I watched Franco Zeffirelli's "Romeo and Juliet" the other night with my daughter who will be acting in the play this summer. Though the movie was made in 1968 it didn't seem dated. Amazing. I think that part of the reason it looked so contemporary was that hairstyles in 1968 were exactly the same as they are today. Young Leonard Whiting playing Romeo was a dead ringer for Chase Crawford or Zac Efron or one of those young heart throbs. The other reason it didn't seem dated was, of course, that it was so beautifully made.
I mention the movie because I have been thinking about stone this week. Zeffirelli shot so many beautiful scenes in Italian towns rich with Renaissance stonework and cobbled streets. At times I enjoyed the scenery as much at the dialogue. I love European stonework, from the dry stone walls of Northern England to the ochre colored crumbling plaster of Bologna. Here in the Pacific Northwest we tend to use wood to build our houses and garden walls but I have some stone elements in my garden.
There is a slate patio in the front of my house,wet with rain as I photographed it today.
There are concrete steps into which my children left their hand prints and which have the added decoration of fallen cherry petals in todays rain storm.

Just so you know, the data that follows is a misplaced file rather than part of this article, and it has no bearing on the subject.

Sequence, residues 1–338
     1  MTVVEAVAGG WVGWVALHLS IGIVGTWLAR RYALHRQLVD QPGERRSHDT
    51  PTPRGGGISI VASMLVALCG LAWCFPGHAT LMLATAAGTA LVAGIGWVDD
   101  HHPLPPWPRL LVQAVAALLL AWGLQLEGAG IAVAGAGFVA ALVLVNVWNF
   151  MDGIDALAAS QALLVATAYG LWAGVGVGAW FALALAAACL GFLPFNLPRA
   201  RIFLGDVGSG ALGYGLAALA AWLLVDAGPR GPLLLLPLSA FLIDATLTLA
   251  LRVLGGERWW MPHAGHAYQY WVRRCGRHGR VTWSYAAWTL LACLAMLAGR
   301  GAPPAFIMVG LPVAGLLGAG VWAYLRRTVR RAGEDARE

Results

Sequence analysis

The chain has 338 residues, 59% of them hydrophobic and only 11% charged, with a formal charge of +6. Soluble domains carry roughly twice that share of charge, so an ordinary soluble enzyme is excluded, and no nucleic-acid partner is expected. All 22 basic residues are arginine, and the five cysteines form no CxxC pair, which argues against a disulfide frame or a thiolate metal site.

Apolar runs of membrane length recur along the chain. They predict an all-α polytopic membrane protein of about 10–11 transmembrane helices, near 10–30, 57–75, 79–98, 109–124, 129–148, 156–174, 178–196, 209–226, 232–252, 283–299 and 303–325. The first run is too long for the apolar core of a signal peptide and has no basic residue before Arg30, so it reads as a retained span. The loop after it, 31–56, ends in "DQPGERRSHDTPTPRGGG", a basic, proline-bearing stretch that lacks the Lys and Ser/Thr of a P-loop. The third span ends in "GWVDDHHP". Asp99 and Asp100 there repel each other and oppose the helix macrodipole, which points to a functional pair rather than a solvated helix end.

There is a brick patio behind my house which grows wonderful moss in the cracks between each brick. To an ant (or pillbug) this moss is a giant hedgerow.
My terracotta plant pots must wish they were back in sunny Italy instead of damp and mossy Seattle.
I have been thinking about stone and using it for inspiration on a mural commissioned by a corporate client. They wanted a list of slogans and words about communication and they requested a distressed look. I thought of old Italian walls glowing with layers of ochres and umbers and burnt sienna. I prepared the canvases with various textures simulating stone and years of history.
We artists always enjoy a little bit of subversion so this admonition toward authenticity painted on a faux Italian wall makes me smile.
My client likes things old and Italian, as do I, so she seemed pleased with the end result of this mural. I recommeded that she watch Romeo and Juliet and we hummed the theme song together.